The favorite books of Dean Pam Cipriano
The reading habits and favorite tomes of Pam Cipriano, dean and International Council of Nurses' president.

Pamela F. Cipriano, PhD, RN, NEA-BC, FAAN Sadie Heath Cabaniss Professor of Nursing, International Council of Nurses’ President


While it may sound odd, I think every nurse and nursing student should read the American Nurses Association’s Code of Ethics with Interpretive Statements. The Code is our true North, our profession’s foundational document, and grounds our thinking about what it means to be a nurse and what values, responsibilities, ideals, and obligations we must have.


I read Hospitals, Paternalism, and the Role of the Nurse, by Jo Ann Ashley, which was published in 1976, the same year I graduated from my diploma program. It chronicles hospitals’ development and calls out the sexism that, early on, stifled nurses’ ability to influence health systems. The author ties paternalism to the chronic healthcare issues, noting how women were intentionally held back from solving problems, including what today we call the “social determinants of health.” Ashley says this economic exploitation and oppression kept young women perpetually subservient to physicians.

As feminist thought became more mainstream, this book was a call to action for nurses to challenge power differentials with physicians and hospital administrators, and break apart myths about women, men, and healthcare work as they did. While it’s not a leadership primer per se, understanding the historical context affecting nurses is essential. It sharpened my desire to help nurses ascend to leadership roles and influence policy.

I also like Max De Pree’s Leadership is an Art, which uses stories to humanize the self-examination that leaders need when developing personal value systems and style. Though I’ve read titles on change theory and motivation, I found Leadership on the Line: Staying Alive Through the Dangers of Change, by Ronald Heifetz and Marty Linsky, profoundly influenced how I analyze issues and determine what actions to take to solve complex problems.


I’m not sure I have a favorite childhood book but do know I read every one of the Nancy Drew mystery series. I also liked The Borrowers, by Mary Norton, and E. B. White’s Charlotte’s Web—before there was a movie.

For years, when I was developing my leadership and management skills, I read only non-fiction and business literature—often quite boring. That changed in 1997 when my older daughter entered 4th grade, and I attended a conference with her English teacher who made a passionate plea for parents to read with their children. She suggested reading stories being presented in class, the first of which was Tuck Everlasting, by Natalie Babbitt. Later that year, the first Harry Potter book was published, and our reading together stuck: we’d sit together, and my older daughter and I would take turns reading out loud while my younger daughter followed along, rapt. Over the next 10 years, we became devoted Harry Potter fans and eventually needed to have two copies of each book so both daughters could dive into each new release.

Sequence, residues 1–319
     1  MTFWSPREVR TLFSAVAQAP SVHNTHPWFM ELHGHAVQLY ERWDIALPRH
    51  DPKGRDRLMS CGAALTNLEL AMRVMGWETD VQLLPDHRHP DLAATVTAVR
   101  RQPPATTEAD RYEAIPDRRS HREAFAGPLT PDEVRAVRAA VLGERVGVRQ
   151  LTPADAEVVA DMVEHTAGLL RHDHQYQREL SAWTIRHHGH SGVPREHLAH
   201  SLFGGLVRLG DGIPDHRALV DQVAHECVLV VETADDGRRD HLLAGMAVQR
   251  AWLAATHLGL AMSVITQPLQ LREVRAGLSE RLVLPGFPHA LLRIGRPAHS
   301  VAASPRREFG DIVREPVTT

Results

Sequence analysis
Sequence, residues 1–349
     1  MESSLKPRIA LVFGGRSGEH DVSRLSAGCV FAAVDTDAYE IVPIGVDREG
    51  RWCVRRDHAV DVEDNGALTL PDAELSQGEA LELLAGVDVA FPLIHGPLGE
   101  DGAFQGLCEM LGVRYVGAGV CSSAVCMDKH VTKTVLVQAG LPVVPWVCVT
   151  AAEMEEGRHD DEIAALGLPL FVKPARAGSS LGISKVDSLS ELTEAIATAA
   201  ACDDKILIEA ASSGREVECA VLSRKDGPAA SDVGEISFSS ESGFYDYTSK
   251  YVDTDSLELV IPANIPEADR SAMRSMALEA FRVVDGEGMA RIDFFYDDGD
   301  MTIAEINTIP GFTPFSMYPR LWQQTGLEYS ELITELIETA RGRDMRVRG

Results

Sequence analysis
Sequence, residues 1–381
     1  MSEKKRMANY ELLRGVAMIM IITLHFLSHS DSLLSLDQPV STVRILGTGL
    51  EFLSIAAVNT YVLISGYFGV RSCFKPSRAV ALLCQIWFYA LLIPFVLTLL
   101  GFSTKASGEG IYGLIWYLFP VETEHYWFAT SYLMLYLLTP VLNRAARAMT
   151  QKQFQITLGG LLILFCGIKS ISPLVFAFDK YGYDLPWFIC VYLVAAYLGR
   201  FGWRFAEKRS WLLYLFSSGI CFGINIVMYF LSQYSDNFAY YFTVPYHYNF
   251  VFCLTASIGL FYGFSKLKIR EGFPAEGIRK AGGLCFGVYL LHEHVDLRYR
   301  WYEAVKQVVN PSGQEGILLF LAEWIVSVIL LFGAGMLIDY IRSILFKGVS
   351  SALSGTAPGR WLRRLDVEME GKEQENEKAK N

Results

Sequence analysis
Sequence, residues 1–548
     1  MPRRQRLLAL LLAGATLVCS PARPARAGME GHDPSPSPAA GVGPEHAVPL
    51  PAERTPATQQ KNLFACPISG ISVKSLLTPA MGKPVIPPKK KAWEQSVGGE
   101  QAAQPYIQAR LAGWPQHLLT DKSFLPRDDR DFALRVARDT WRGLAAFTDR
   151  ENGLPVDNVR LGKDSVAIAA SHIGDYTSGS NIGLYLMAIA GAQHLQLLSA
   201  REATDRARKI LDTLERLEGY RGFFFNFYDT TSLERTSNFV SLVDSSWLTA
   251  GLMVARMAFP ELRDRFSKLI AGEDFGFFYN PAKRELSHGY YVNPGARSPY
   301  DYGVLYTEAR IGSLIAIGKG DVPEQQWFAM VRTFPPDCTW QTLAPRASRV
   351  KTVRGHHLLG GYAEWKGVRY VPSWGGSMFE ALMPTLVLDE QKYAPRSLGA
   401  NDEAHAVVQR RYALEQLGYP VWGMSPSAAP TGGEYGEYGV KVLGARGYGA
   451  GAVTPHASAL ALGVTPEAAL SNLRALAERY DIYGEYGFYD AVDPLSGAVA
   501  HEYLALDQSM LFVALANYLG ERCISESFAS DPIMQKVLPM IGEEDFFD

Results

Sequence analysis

Not only was that fun, it reignited my love of fiction. I got back into reading fantasy by Terry Brooks, legal thrillers by John Grisham—I’ve read almost every one of his books—Lee Child’s Jack Reacher series, and anything by David Baldacci. I also like reading about courageous women who significantly shaped the leadership of nations, such as Catherine the Great, and Gail Collins’ When Everything Changed: The Amazing Journey of American Women from 1960 to the Present.


I’m pretty devoted to my Kindle. When I travel, it’s a great way not to lug a heavy book with me. I read every night before I go to bed, even if it’s just for twenty minutes, and don’t have a problem falling asleep after screen time. If I’ve got a really thrilling story, I’m apt to get my book out on Saturday mornings, too, and keep reading. Fiction is a nice escape from the daily grind.

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